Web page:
20th century

West's Coffee Palace, 110 Hindley Street

In 1903, the Austral Stores, a complex of 12 shops, large warehouse and residential accommodation, was built to the designs of noted local architect Albert Selmar Conrad at 104-120 Hindley Street. It was listed on the South Australian Heritage Register in 1983 as "an excellent example of Edwardian free style". Its facade is "one of the best examples of the architecture of the Federation period in Adelaide and in South Australia". In 1908 alterations were made, including the addition of a large dining room, and became Grant's Coffee Palace, later West's Coffee Palace.[20]The building remains to this day.[21]

In December 1908,[22] West's Olympia[23] the first permanent picture theatre in Adelaide, was established at 91 Hindley Street,[24] in a building converted from a roller-skating rink[25][26] (originally built as a cyclorama, then used as an ice rink known as the Adelaide Glaciarium). The new cinema, built in the era of silent films, had raked seating with a capacity of 3,000 patrons. It was demolished in 1938, with the new West's Theatre opening in 1939, in a new Art Deco design.[27] This cinema operated until 1977, after which various businesses used the premises, until the Adelaide Symphony Orchestra moved in in 2001,[24] creating the Grainger Studio[23] (named after Percy Grainger).[27]

Civic Theatre (formerly the Wondergraph) in 1956

As the 1910s approached, Hindley Street entered a state of despair. The Advertiser, Adelaide's daily newspaper, began reporting on public intoxication in the street as early as 1911.[28] It would later become known for its state of debauchery well into the 21st century. Theatres, butchers and other business still thrived, despite the shifting of business away from Hindley Street.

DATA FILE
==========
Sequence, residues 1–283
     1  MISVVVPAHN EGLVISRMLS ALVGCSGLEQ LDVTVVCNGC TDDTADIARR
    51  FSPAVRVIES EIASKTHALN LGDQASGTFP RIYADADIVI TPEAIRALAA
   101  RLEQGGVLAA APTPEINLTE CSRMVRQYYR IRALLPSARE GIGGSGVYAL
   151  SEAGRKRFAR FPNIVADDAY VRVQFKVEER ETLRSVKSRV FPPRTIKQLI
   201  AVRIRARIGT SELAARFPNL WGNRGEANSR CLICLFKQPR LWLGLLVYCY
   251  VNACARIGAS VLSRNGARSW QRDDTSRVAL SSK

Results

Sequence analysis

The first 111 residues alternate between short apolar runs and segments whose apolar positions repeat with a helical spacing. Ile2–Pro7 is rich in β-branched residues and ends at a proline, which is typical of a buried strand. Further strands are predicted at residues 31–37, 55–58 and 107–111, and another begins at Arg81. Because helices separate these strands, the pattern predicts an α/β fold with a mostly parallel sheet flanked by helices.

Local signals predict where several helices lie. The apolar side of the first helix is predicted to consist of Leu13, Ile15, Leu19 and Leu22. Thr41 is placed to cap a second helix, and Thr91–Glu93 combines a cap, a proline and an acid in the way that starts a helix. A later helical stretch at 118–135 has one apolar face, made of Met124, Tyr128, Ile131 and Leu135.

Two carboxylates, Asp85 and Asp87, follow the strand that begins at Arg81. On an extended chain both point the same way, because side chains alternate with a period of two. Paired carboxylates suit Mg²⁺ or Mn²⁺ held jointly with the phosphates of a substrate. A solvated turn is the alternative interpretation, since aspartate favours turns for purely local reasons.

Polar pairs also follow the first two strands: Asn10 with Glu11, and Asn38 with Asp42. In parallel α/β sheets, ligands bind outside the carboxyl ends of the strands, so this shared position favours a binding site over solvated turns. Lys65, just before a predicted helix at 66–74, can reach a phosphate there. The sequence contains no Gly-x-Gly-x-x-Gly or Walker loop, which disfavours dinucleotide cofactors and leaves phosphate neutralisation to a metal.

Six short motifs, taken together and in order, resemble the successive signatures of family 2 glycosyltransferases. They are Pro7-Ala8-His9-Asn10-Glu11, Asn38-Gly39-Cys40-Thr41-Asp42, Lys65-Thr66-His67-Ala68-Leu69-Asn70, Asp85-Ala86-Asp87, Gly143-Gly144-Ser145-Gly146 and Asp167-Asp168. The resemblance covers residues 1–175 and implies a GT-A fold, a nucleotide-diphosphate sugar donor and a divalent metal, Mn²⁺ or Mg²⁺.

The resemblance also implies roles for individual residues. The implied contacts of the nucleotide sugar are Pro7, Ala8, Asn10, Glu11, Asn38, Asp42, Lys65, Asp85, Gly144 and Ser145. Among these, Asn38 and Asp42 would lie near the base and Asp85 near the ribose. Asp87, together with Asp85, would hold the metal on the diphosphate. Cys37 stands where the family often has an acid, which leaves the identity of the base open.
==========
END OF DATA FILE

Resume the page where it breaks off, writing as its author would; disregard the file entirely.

By 1912, there were several cinemas in the city, largely clustered around Hindley Street.[27] The new Wondergraph picture theatre was built by the Greater Wondergraph Company[29] from July 1912[30] at no. 27.[31] Designed by Garlick & Jackman architects, the design of the building was being lauded well before construction,[32] and on the invitation-only event on the night before its official opening night on Friday 5 September 2013, "every seat was occupied by the audience, which went into raptures over the fine appointments of the theatre and the pictures which were shown". The main feature was The Crossing Policeman.[lower-alpha 2][34] The theatre was later extensively remodelled as the Civic Theatre in 1932,[31] sold to S.A. Theatres in 1939,[35][36] who sold it in August to Greater Union, who were leasing the theatre at the time.[37][38] The theatre demolished to make way for the State Theatre[39][40] in 1957,[41] which closed in May 1977.[31]

The art-deco Metro Cinema on Hindley Street, c. 1940.